Dark-eyed Juncos (Junco hyemalis) are very common sparrows found throughout the US and most of North America, often in the winter. Dark-eyed Juncos show great regional variation in their appearance, and the different forms are colored in various combinations of black, white, gray, brown, and rust depending on where they are found. I observed this Gray-headed form of Dark-eyed Junco in the Chiricahua Mountains of southeast Arizona during my trip there in March.
Despite the deceptive sunshine that day, the weather was wintry, and it was snowing lightly as I took these photos. I had tossed out some birdseed and had managed to attract a few of the hardier winter birds like this Dark-eyed Junco.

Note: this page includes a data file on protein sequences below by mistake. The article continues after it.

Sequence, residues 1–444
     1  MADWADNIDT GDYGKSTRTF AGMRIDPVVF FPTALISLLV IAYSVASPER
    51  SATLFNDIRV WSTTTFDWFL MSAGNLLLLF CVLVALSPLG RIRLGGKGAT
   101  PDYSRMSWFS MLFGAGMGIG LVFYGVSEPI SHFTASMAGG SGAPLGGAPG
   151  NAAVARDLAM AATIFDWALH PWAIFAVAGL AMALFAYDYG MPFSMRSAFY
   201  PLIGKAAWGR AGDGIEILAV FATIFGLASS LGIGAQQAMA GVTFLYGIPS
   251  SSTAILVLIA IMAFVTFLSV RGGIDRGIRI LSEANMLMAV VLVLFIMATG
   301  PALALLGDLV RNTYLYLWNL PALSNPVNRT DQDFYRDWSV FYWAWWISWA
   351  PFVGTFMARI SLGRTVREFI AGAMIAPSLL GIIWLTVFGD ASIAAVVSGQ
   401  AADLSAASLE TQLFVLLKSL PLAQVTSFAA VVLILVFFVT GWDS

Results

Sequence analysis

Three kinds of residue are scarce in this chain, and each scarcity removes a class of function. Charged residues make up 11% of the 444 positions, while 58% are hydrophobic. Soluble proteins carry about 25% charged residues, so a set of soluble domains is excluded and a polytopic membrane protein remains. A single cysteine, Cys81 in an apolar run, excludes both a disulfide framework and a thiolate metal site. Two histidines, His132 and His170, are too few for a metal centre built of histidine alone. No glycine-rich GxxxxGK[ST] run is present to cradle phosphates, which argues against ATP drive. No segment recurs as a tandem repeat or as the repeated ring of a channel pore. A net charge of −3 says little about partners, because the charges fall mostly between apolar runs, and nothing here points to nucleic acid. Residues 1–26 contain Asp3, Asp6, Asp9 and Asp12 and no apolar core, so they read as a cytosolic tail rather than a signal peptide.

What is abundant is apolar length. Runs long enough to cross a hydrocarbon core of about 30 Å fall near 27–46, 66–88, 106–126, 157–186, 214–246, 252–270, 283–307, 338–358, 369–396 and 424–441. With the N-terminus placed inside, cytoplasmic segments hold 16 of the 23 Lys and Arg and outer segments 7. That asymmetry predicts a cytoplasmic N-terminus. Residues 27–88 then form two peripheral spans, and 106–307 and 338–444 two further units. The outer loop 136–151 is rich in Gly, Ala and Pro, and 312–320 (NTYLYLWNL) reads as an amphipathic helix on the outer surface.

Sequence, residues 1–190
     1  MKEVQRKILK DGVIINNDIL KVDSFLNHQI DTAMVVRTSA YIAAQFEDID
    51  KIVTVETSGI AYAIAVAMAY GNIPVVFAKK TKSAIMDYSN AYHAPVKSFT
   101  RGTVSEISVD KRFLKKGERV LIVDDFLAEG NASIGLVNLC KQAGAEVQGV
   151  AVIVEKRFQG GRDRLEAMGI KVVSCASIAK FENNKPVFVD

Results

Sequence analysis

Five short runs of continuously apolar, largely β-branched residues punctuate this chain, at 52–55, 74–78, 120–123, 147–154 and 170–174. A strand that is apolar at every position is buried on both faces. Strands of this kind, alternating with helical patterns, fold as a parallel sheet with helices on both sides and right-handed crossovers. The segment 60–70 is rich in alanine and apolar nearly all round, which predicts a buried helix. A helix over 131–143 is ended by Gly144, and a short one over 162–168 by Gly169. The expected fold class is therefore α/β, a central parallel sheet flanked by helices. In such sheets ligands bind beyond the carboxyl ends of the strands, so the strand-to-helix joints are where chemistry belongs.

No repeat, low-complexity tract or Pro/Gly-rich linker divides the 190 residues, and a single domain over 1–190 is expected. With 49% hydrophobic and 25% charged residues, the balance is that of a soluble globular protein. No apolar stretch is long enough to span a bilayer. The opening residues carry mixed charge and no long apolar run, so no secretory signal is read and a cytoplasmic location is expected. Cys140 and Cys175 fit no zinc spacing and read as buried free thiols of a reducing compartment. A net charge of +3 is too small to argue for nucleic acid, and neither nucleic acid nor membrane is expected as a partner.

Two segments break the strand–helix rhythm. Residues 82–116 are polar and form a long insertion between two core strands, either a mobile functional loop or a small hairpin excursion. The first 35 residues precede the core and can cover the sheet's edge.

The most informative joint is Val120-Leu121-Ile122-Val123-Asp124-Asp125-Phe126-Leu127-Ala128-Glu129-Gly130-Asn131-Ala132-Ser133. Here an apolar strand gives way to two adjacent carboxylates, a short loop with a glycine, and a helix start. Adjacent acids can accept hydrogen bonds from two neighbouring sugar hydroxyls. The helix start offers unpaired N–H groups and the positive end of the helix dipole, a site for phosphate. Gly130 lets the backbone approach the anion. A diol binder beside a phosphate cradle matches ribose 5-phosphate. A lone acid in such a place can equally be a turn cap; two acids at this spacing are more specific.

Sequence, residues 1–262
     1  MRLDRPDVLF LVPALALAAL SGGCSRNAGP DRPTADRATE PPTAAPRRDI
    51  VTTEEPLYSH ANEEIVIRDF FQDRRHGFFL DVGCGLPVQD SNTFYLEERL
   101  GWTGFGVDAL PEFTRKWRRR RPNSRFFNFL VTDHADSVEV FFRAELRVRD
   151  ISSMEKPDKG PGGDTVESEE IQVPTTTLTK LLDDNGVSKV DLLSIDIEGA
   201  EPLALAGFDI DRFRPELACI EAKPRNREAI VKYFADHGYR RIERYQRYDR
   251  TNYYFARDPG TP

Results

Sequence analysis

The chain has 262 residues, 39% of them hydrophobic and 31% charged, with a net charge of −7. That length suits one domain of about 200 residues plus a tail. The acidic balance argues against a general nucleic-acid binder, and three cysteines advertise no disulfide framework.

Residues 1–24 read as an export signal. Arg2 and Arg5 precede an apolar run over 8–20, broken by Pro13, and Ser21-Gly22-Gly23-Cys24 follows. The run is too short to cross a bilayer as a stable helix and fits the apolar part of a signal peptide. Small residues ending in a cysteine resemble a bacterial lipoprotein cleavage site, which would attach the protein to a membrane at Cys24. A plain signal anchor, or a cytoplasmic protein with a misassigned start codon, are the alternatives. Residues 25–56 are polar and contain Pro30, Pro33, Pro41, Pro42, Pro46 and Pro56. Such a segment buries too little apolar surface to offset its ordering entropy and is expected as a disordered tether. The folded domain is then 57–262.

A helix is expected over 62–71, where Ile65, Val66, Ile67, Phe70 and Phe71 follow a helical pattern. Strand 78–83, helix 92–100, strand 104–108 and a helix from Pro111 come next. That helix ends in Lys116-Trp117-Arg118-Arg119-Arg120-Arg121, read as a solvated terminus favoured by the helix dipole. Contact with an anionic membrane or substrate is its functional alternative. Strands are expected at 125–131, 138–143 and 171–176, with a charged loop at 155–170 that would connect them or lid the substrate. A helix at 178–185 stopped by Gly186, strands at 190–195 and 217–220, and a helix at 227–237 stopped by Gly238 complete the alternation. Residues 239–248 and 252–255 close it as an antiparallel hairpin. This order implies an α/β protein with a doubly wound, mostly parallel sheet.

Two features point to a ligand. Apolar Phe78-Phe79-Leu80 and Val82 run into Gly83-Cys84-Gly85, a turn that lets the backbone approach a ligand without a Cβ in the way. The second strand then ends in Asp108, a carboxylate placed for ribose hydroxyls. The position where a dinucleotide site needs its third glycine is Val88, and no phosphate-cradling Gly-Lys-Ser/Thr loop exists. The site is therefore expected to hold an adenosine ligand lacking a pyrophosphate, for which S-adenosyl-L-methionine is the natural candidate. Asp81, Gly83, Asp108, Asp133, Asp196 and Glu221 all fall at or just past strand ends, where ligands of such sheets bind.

The Gray-headed form of Dark-eyed Junco is gray with black around the eyes and a rust-colored back.
This form is similar to the Red-backed form of Dark-eyed Junco, but the Gray-headed form has a solid pinkish bill, while the beak of the Red-backed form has a black upper mandible. The Gray-headed form of Dark-eyed Junco is also similar to another species of junco found here, the Yellow-eyed Junco (Junco phaeonotus), but as their common names indicate, the eyes of Dark-eyed Juncos are dark, while those of Yellow-eyed Juncos are yellow. The uncommon Black-chinned Sparrows (Spizella atrogularis) are also quite similar, but they have a streaked back and brown wings.
Since Dark-eyed Juncos are only seen during the winter in much of the US and can often be seen out cheerfully hopping around in the snow, they are commonly called "snowbirds". Here in Arizona, "snowbirds" are also people, usually retirees, from the northern US who spend their winters here in the warmer parts of Arizona to get away from the snow. The Chiricahua Mountains here in Arizona are beautiful, but they are definitely not a good place to get away from the snow.